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Laser Decal Tests and Lessons Learned

One of the decorating techniques that I got to experiment with in Anna Callouri Holcombe's class at Penland School of Crafts used laser decals.  This process appeals to me because it gives my computer geeky side a chance to play.  I actually enjoy playing around with images in photoshop.  If you are not really computer savvy you still might like laser decals.  Many of the other students in the class made decals from drawings that they scanned into the computer, others found images on the web or brought black and white pictures from home computers.  Even other's just used simple graphics like stripes and dots.  Yes, it takes a little computer skill but if you can print out something from your home computer you can print a laser decal.

The way it works is you print an image using an HP laser printer, onto special laser, waterslide decal paper.  This is placed (stuck) onto a glazed and fired piece and refired.  The paper from the decal burns away as does some of the ink but it leaves behind a photo quality image in sepia tones.  The laser ink is formulated with enough red iron oxide to save the image which is imbedded into the glaze during the firing.

For the class we were encouraged to bring pots from home and porcelain pieces that we found in thrift stores or cheap big box stores.  I'm not a fan of supporting big box stores and it just felt weird to use some mass produced wear so I stuck to commercial test tiles and my own pots that I made during Andy Shaw's class before Anna's.

Everything in the class was a grand experiment, that's what helped to keep it fun.  So we all printed some decals and put them on these various types of ceramics and fired them to cone 02 which is somewhere between 1972 and 2052 degrees.  What we discovered when we opened the kiln was a large range of successes and failures.  Most of the commercially produced ceramics did not hold the image well.  Although the image looked great in the kiln it was untouchable.  The iron oxide just sat on the surface and had not melted into the glaze so if you touched the image with a finger or sponge it would come right off.  Not dishwasher safe by any means.  Some of the pieces keep a bit of the color and were actually okay after a quick rinse, others lost the image entirely.  But the pots that were brought from home, and had already been fired with a cone 5 clear glaze held the image beautifully.

The glaze was not melting enough on the commercial pieces, they are typically fired much hotter.  So we carefully loaded the test pieces back into kilns to fire hotter.  We couldn't go too hot or the iron would burn out, not hot enough and the glazes wouldn't melt.  It's not easy.

We tried firing the pieces to cone 4 figuring this would be a good temperature for some of the other test tiles that needed to be fired.  They were mostly earthenware pieces.  The results are in the pictures below.
Testing laser decals by Future Relics
Laser Decal Test Tiles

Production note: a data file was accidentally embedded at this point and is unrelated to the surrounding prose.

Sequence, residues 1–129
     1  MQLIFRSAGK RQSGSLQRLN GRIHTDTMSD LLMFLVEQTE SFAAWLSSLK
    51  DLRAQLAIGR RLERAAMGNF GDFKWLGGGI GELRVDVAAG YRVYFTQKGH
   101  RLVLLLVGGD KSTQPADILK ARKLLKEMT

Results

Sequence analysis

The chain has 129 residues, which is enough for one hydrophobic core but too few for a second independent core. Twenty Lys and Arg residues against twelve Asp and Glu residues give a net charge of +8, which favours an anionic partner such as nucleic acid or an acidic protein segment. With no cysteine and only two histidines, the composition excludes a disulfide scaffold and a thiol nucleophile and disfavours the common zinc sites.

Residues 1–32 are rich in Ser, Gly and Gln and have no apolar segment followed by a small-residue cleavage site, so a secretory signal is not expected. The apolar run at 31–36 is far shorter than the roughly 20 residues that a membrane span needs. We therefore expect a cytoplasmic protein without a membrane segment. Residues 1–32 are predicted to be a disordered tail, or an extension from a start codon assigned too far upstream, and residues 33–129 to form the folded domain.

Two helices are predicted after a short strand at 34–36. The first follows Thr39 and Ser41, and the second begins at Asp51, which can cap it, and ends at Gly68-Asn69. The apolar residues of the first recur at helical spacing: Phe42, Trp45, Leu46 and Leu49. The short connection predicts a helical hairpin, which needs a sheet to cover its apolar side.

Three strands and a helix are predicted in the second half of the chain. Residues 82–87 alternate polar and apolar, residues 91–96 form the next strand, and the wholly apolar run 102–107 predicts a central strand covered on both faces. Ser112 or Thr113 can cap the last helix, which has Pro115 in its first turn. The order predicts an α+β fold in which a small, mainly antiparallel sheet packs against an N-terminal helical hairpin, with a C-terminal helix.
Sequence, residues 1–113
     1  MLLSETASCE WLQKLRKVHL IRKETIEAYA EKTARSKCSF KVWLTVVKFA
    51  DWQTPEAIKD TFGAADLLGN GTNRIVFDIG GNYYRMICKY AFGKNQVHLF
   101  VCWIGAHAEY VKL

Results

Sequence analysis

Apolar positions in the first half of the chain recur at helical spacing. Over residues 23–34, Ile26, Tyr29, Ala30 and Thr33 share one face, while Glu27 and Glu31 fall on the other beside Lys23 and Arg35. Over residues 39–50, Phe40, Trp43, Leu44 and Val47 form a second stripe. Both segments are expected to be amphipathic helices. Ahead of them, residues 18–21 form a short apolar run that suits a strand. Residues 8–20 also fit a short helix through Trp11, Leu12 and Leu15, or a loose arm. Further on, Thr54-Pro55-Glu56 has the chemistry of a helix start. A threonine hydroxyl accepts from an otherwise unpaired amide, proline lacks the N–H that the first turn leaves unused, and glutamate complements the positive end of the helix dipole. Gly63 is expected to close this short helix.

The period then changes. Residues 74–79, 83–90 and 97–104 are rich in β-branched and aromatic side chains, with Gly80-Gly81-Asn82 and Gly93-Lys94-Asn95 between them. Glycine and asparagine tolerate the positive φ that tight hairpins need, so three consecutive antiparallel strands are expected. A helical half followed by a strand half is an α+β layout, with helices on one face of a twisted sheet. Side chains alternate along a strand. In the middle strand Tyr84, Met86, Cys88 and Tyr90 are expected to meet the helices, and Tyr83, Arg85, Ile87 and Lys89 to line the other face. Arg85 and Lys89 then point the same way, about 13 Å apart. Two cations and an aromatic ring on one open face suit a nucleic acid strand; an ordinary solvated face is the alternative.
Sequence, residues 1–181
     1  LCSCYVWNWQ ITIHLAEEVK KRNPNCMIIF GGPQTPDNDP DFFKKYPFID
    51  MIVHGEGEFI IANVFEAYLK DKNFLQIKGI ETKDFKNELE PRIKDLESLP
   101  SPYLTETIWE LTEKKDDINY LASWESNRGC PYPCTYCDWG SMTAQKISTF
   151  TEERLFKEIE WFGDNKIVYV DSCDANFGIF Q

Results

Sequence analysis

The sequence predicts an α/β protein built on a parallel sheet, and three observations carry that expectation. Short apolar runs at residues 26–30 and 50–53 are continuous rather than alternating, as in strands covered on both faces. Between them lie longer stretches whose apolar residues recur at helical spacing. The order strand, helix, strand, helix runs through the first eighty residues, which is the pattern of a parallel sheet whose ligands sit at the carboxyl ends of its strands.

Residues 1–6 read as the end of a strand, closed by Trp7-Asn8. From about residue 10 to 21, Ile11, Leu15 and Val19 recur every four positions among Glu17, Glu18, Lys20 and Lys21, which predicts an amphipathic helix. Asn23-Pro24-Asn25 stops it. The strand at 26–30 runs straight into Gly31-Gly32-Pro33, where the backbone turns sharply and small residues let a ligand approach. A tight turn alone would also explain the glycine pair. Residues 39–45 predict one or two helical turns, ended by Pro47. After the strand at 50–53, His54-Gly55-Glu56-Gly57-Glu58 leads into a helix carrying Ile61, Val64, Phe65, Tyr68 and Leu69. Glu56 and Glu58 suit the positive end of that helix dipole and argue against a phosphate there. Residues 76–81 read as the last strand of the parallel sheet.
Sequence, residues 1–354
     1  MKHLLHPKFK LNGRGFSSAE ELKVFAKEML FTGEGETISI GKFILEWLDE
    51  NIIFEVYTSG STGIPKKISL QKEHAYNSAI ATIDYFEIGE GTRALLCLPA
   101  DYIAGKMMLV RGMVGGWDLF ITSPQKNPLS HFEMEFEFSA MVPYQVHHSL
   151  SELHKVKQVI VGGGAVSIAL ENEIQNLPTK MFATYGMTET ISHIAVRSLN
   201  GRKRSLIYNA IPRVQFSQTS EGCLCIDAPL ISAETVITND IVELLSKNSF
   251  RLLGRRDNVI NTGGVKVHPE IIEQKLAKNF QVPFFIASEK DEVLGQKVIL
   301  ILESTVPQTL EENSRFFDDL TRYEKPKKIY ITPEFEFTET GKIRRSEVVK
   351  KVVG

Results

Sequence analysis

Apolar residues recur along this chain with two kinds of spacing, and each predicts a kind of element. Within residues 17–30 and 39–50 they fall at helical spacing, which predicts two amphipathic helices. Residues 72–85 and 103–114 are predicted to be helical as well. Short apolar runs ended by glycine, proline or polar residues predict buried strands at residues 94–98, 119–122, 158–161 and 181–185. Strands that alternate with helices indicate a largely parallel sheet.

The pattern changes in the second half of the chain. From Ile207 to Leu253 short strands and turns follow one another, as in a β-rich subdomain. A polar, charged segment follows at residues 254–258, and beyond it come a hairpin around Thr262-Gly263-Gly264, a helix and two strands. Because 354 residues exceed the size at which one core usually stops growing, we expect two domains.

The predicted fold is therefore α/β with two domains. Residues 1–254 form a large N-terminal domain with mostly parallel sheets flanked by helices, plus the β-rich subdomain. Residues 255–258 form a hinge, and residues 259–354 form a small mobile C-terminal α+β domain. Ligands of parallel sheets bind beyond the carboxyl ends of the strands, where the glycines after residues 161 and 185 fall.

What you're seeing is a progression into the kiln.  Actually, the reverse of one.  The best looking pieces, at the bottom of this picture, where at the top of the kiln surrounded by taller pieces.  They got a lot of air around them.  But the kiln was filled with shelves and tiles which held heat for a long time.  As we got further down into the kiln we lost more and more image.

So now I knew that for cone 6 (what I fire to) I should be firing the deals on even cooler and if doing tiles, they should have taller posts.  Let's try cone 1.

Laser decal pottery by Lori Buff
PresARTvation Mugs

Here's the results on some cone 6 mugs .  Much better looking and dishwasher safe.

Have you been to Mudcolony today?

Check out the gallery page - Future Relics Gallery by Lori Buff


  1. What fun! The mugs are awesome.
    I am very interested in transferring images, but for now I will stick to paper. I just can't add anymore to my clay work right now.

    1. Thanks Michèle, I know how you feel about adding something new however, I feel a project in here that I'm very interested in taking on. I just have to figure out how to afford it and how to make room for it in my schedule.

  2. love the antique ironstone transferware......

    xo t

  3. Getting to a decal workshop is high on my to-do list! Loved how you described the process here Lori :) Cheers, Rachel

  4. I fire mine to 1060C on a glazed surface and get pretty good results. I think that is 1940F according to my converter. Those mugs were a good result especially with the very vintage photo images. Do you do the wet finger test? Draw a wet finger across a discrete area of your decal and if it smears it is underfire and should go back into a slightly hotter kiln. the tiles are definitely over fired but you could reapply or leave it as a ghost image with another one over it.

    1. Hi Elaine,
      Welcome to the blog and thanks for your comments.
      It seems like we always have to consider what temperature the base (usually clear) glaze melts at. What cone were your pieces fired to originally?
      We did do the smear test, that's how we found out that many of the commercial pieces needed to be re-fired. It's a good way to test. Thanks for mentioning it.


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